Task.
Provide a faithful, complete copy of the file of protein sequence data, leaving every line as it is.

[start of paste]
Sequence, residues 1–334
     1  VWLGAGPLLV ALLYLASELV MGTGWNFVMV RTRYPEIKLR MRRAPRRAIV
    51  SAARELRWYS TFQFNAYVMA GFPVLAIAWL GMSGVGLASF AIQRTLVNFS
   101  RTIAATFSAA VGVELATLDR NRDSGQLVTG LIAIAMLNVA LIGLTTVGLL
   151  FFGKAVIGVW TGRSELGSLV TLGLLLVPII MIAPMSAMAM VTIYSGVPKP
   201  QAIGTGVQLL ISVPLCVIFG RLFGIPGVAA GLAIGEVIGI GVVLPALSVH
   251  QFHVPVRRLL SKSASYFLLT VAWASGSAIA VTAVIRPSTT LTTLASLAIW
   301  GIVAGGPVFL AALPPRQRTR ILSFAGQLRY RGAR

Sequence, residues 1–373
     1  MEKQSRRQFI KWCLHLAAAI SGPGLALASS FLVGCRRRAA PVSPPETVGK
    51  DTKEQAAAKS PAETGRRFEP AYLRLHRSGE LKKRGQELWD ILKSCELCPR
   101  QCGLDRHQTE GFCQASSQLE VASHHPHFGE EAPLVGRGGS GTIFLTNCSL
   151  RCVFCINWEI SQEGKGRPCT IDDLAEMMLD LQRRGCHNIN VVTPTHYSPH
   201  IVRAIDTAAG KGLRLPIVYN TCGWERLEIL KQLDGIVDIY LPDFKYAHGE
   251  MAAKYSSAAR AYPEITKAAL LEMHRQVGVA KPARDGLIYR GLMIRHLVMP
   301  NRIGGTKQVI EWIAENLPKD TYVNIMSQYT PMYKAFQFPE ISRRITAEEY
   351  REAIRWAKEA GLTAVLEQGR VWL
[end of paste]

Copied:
Sequence, residues 1–334
     1  VWLGAGPLLV ALLYLASELV MGTGWNFVMV RTRYPEIKLR MRRAPRRAIV
    51  SAARELRWYS TFQFNAYVMA GFPVLAIAWL GMSGVGLASF AIQRTLVNFS
   101  RTIAATFSAA VGVELATLDR NRDSGQLVTG LIAIAMLNVA LIGLTTVGLL
   151  FFGKAVIGVW TGRSELGSLV TLGLLLVPII MIAPMSAMAM VTIYSGVPKP
   201  QAIGTGVQLL ISVPLCVIFG RLFGIPGVAA GLAIGEVIGI GVVLPALSVH
   251  QFHVPVRRLL SKSASYFLLT VAWASGSAIA VTAVIRPSTT LTTLASLAIW
   301  GIVAGGPVFL AALPPRQRTR ILSFAGQLRY RGAR

Sequence, residues 1–373
     1  MEKQSRRQFI KWCLHLAAAI SGPGLALASS FLVGCRRRAA PVSPPETVGK
    51  DTKEQAAAKS PAETGRRFEP AYLRLHRSGE LKKRGQELWD ILKSCELCPR
   101  QCGLDRHQTE GFCQASSQLE VASHHPHFGE EAPLVGRGGS GTIFLTNCSL
   151  RCVFCINWEI SQEGKGRPCT IDDLAEMMLD LQRRGCHNIN VVTPTHYSPH
   201  IVRAIDTAAG KGLRLPIVYN TCGWERLEIL KQLDGIVDIY LPDFKYAHGE
   251  MAAKYSSAAR AYPEITKAAL LEMHRQVGVA KPARDGLIYR GLMIRHLVMP
   301  NRIGGTKQVI EWIAENLPKD TYVNIMSQYT PMYKAFQFPE ISRRITAEEY
   351  REAIRWAKEA GLTAVLEQGR VWL